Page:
How to Help Your Child Gain Social Success Via Executive Functioning Skills

Tired of working on social skills and feeling like it’s not clicking? Stuck in a rut? Maybe it’s time to consider what else might be impacting you or your child’s ability to take his/her hard-earned skills and use them (successfully!) in everyday life. I frequently hear frustration with regard to the rate of progress or difficulty applying a new strategy.

How to Help Your Child Gain Social Success Via Executive Functioning Skills

“My child has been working really hard on conversational skills, but when he meets new people outside of the house, he still only talks about _____ (preferred special interest).” Or, “I want to have friends, but nothing is working…”

You and your child are working so hard, so what’s the barrier to success? More often than not, once someone understands a skill and can apply it in a structured setting, it’s not purely a skill deficit that’s halting the ability to demonstrate the skill. As you know, your child is complex, and other variables are at play…anxiety, sensory overload, and/or executive functioning. Building executive functioning skills can help bridge the gap between a therapy session and everyday life, as well as reduce anxiety and help your child prepare for sensory overload.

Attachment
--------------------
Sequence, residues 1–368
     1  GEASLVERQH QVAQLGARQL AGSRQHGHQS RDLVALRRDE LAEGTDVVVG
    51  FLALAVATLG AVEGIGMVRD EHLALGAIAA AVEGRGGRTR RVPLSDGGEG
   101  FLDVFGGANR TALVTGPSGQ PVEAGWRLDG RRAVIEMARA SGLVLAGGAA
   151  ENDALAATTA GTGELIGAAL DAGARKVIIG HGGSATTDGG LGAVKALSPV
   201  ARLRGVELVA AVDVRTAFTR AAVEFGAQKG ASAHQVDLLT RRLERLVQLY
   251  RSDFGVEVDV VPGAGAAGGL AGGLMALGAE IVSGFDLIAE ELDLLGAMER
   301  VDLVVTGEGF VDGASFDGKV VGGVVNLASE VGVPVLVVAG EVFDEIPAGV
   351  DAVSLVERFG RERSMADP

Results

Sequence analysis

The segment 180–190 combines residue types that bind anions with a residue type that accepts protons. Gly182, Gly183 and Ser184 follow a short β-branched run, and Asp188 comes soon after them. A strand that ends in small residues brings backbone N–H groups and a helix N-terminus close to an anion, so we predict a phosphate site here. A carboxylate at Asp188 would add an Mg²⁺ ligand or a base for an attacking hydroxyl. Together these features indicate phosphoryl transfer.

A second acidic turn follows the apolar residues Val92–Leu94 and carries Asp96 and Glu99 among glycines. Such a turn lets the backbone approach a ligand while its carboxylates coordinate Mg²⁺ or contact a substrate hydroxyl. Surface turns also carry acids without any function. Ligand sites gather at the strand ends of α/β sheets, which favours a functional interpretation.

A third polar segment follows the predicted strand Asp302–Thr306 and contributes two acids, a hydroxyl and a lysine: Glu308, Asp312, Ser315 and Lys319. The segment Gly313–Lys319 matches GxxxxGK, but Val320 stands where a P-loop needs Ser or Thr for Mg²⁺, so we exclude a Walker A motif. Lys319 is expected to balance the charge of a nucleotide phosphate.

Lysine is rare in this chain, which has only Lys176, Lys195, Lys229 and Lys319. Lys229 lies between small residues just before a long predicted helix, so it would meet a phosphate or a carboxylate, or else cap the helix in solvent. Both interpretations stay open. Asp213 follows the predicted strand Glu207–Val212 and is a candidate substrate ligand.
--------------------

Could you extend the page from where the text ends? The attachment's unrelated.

Executive functioning encompasses the skills necessary to plan, organize, and carry out a goal, such as a reciprocal conversation with a classmate. When a strategy (or social skill) turns into a goal, executive functioning skills are what promote (or prevent) it from happening. Here are some tips to improve your executive functioning skills to better prepare for social success:

Figure out what’s important, and go get it

Don’t waste time working on things that your child doesn’t care about. If you are struggling to convey to your child why a goal is important, help connect it to his/her priorities. For example, the thought, “I’m lonely…” and the skills goal, “Thinking about other people in conversation.” ARE RELATED. Writing down experiences/feelings and goals can help demonstrate this connection.

Strong conversation skills reflect executive functioning skills